5:00 pm – 7:00 pm
CJ Building, Room 2.130
7141 Sherbrooke W.
The night has long played a central, if unremarked, role in cinematic representations of queer life. Whether phobically cast as a time of depravity and perversion or celebrated as a site of play and freedom, the “night” often appears on screen as a break in the punitive orders that regulate and discipline sexual desire. Understood as the space of a gap jointly inhabited by all those for whom visibility might constitute a threat, the night functions as a familiar site for the articulation of queer sexuality in general and gay male sexuality in particular with notions of risk, danger, death, and violence. While this association has been taken up provocatively by artists working across the visual, literary, and aural arts, it has also increasingly been cast as part of an archive of negative representations that need to be overwritten in the name of homosexuality’s ongoing conversion into a “form of life.” And yet, despite the lure of this conversion—of being folded into the very order of being itself—the figure of the night and the promise-cum-threat of desubjectivation it has come to signify have endured as objects of attachment. This talk explores this attachment through a reading of Alain Guiraudie’s Stranger by the Lake (2013) and Eliza Hittman’s Beach Rats (2017), two films which I suggest insist on keeping homosexuality ‘in the dark’ and, in so doing, refuse to abandon an understanding of sexuality itself as unknowable, incommunicable, and poised against the limits of an obligation to survive.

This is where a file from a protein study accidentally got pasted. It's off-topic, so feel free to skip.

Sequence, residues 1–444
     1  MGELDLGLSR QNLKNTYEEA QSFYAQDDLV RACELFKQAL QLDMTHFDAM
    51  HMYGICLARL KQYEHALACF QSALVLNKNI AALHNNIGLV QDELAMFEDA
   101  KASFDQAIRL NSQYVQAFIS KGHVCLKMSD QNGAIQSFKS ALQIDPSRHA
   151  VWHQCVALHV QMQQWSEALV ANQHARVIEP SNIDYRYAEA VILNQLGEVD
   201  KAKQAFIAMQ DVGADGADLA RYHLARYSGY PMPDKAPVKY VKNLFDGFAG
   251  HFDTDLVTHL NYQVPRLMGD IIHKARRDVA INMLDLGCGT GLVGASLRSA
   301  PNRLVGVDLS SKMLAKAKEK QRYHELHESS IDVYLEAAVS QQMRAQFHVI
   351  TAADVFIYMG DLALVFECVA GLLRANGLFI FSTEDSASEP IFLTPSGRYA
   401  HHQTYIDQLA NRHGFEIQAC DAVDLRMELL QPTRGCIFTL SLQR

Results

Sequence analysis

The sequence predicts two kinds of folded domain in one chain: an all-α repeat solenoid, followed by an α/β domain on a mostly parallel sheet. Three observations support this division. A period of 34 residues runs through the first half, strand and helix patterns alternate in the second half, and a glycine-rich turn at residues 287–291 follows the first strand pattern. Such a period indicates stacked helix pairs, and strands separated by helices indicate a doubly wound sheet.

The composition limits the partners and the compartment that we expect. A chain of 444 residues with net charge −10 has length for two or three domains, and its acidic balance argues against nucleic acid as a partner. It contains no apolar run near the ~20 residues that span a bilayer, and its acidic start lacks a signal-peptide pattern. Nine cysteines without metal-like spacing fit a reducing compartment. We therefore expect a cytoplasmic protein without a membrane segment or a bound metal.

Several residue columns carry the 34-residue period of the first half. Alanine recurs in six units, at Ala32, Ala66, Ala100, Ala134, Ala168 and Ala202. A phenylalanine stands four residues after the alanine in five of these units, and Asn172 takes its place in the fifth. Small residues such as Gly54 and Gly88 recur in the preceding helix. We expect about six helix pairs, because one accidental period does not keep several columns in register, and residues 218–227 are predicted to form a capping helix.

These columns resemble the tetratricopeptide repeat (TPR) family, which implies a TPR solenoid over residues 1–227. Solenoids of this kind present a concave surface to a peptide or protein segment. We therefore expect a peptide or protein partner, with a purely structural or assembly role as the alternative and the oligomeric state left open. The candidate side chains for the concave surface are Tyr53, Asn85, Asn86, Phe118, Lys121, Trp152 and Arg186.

Bobby Benedicto is Assistant Professor of Media and Sexuality at McGill University. His first book, Under Bright Lights: Gay Manila and the Global Scene, was a finalist for the Lambda Literary Award for LGBT Studies and received an Honorable Mention for the Ruth Benedict Prize for Queer Anthropology. He is presently working on two major projects: Fatal Sex, a monograph examining the role of necroaesthetics (the aesthetics of death) in 21st century queer art and media, and “The Afterlife of Dictatorship,” a series of essays on the figure of the sovereign and authoritarian nostalgia in the Philippines.